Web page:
Ryanair has confirmed that some 737NG planes have been taken out of service due to cracks, a problem that has grounded dozens of the jets globally.

In a statement to RTÉ News, Ryanair said Boeing is carrying out repairs on behalf of the airline after an inspection of more than 70 of its oldest aircraft in full compliance with the Airworthiness Directive.

The company said its "rate of findings is less than the industry wide 5% confirmed by Boeing recently".

But the carrier dismissed reports that some of its Boeing 737NGs have been affected by the 'pickle fork' issue. Pickle forks are components that attach the wings and the aircraft's body.

The Ryanair statement came after The Guardian reported that Ryanair has grounded at least three Boeing 737s due to cracks in the planes' pickle forks.

In its statement, Ryanair said: "This morning's report on the 'pickle fork' issue in The Guardian newspaper is rubbish."

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Ryanair said it is "confident that the tiny number of pickle fork cracks, if any, will not affect either Ryanair's fleet, its flights, or its schedules".

Last month Boeing announced that 50 of its 737NG aircraft had been grounded. It had previously reported a problem with the model's pickle fork.

In October Qantas grounded one of its planes and said it would urgently inspect 32 others but insisted passengers had nothing to fear.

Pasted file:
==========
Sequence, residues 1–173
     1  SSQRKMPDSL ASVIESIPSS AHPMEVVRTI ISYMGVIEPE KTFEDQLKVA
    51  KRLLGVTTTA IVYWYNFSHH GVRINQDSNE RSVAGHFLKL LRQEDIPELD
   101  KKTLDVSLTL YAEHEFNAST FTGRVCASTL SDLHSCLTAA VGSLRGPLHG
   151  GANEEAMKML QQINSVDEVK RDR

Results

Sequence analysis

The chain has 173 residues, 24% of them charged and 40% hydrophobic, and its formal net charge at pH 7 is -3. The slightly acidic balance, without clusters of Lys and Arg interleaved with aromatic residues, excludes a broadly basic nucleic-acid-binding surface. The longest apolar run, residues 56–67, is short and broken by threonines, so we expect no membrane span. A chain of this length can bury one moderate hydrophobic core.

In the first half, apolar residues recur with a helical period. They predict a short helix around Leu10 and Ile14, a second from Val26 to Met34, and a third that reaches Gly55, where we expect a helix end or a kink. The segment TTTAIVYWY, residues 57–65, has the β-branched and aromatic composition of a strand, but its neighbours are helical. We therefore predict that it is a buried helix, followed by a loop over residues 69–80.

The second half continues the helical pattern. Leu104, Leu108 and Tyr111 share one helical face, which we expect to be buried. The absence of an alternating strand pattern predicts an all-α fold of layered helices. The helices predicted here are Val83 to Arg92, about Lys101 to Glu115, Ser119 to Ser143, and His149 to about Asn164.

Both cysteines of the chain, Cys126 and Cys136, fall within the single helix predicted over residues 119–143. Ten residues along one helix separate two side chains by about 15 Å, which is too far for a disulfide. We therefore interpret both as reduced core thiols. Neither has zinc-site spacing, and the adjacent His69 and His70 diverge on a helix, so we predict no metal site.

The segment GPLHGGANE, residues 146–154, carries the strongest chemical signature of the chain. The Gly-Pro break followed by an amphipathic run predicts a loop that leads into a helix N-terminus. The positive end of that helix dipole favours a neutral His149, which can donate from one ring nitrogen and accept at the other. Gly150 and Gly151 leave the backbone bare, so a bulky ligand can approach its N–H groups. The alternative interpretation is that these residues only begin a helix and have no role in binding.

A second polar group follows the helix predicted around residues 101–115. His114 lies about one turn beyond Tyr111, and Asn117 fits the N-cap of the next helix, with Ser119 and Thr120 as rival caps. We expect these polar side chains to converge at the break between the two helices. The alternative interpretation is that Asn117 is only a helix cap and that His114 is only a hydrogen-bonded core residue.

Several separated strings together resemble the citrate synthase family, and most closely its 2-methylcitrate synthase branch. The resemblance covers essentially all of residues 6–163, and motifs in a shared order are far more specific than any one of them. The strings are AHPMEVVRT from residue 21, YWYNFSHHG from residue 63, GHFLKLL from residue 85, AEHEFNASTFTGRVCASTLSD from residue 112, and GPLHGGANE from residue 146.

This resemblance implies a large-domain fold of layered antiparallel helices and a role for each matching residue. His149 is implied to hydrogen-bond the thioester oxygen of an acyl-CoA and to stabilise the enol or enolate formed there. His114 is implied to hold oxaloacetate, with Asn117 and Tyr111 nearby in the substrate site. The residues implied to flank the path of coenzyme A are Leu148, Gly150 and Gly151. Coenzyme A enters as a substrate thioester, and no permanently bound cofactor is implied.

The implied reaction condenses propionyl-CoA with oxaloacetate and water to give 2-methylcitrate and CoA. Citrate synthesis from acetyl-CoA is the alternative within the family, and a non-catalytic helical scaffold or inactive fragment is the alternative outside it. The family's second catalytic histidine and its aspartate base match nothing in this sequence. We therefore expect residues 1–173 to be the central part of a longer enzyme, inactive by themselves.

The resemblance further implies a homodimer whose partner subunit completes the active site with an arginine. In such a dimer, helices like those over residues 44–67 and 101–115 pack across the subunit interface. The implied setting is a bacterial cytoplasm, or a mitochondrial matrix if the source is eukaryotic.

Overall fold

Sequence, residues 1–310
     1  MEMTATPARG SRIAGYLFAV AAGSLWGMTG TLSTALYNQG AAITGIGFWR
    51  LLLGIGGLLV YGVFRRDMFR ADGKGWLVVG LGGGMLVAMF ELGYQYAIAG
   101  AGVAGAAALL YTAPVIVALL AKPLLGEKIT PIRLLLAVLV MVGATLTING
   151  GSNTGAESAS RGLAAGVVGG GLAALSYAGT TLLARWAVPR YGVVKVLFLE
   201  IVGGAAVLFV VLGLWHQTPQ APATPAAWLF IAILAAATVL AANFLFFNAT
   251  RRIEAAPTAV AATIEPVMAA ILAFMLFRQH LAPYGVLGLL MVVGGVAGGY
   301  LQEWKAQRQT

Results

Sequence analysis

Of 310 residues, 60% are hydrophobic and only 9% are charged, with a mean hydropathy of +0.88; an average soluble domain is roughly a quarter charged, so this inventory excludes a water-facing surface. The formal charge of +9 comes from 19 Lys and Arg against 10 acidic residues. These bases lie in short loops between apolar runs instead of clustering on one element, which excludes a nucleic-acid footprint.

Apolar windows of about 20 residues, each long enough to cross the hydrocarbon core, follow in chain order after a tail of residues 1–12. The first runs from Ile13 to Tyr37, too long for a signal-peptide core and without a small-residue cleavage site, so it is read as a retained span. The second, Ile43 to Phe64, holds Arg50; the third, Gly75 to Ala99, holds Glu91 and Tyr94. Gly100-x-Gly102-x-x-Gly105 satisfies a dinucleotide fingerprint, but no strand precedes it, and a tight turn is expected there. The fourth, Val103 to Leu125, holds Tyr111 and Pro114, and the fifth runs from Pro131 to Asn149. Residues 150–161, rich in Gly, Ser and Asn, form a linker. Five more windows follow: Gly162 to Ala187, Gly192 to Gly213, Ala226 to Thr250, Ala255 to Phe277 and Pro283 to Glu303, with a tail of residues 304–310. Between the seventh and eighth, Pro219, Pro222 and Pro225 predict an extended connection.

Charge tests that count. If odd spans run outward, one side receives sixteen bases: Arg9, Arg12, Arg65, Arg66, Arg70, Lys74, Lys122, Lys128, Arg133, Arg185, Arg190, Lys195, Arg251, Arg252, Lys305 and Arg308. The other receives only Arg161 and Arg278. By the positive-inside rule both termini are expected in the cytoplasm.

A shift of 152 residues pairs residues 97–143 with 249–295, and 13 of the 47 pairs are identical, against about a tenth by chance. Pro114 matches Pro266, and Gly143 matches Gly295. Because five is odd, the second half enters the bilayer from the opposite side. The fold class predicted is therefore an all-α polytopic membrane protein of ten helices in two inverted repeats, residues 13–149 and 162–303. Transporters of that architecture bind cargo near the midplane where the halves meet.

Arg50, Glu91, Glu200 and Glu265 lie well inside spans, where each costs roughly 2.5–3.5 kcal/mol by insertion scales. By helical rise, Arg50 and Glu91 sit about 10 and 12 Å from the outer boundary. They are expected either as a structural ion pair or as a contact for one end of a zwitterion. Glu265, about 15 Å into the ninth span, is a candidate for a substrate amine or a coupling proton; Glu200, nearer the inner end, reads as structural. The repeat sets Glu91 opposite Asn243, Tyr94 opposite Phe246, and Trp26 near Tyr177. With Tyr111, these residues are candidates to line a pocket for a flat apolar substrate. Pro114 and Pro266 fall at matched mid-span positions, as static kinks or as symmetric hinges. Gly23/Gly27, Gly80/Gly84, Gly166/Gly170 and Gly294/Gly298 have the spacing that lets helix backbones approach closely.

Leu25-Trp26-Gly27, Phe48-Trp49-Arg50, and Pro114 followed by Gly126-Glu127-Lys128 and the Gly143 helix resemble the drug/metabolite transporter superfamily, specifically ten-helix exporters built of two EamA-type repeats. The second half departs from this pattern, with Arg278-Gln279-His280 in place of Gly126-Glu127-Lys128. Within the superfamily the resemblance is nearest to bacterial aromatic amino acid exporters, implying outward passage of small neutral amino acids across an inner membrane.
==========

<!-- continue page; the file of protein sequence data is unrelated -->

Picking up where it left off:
Authorities in Seoul said nine Boeing 737s were grounded in South Korea in early October, including five operated by Korean Air.

When Boeing previously reported a problem with the model's pickle fork US regulators ordered immediate inspections of aircraft that had seen heavy use.

The US Federal Aviation Administration had initially ordered immediate checks of Boeing 737NG planes that had flown more than 30,000 times.

Ryanair said it has completed all the Airworthiness Directive inspections "on the small number of our fleet with over 30,000 cycles, we are now engaged in inspections of other aircraft in the fleet with under 30,000 cycles and we are not finding any further issues."

Stephen Fankhauser, an aviation expert at Australia's Swinburne University of Technology, said that the pickle forks were designed so the "structure can tolerate some level of damage or degradation".

"The inspection period is set to ensure the cracks do not continue to grow to a dangerous length and then significantly compromise the strength of the airframe," he said.